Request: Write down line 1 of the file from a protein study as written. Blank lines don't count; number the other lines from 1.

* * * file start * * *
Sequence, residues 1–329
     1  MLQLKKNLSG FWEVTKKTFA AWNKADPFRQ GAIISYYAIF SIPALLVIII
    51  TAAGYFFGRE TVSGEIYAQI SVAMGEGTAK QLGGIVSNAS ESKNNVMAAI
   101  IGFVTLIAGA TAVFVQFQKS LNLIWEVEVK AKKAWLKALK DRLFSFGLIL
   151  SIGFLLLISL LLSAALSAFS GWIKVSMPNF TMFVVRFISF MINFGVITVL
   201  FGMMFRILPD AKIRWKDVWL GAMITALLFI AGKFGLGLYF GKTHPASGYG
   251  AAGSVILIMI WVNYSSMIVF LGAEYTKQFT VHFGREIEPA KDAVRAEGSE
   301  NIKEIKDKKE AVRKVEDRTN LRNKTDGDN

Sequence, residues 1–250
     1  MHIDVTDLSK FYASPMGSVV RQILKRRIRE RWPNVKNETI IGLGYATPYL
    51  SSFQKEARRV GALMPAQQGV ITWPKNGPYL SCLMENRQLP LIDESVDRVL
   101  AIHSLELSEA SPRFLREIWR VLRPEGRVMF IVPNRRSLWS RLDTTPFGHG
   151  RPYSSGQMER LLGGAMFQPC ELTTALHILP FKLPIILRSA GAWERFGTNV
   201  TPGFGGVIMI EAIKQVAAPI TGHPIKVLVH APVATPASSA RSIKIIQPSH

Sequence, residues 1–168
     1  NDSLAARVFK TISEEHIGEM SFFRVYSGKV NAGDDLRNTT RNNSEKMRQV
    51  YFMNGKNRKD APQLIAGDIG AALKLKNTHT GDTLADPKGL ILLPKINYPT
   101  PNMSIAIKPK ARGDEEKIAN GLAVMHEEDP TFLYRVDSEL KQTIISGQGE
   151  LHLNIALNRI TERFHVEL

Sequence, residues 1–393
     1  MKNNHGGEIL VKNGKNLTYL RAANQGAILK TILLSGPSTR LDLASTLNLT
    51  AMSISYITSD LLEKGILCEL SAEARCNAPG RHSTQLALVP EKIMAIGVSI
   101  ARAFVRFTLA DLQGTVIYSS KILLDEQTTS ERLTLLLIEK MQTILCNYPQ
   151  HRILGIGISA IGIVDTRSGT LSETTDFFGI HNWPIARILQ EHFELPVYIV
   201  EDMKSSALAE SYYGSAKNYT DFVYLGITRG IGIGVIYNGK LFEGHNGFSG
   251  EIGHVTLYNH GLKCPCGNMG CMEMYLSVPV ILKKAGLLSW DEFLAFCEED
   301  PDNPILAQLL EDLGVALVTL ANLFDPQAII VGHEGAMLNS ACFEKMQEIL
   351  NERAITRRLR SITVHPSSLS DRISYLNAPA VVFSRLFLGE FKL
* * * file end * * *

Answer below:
Sequence, residues 1–329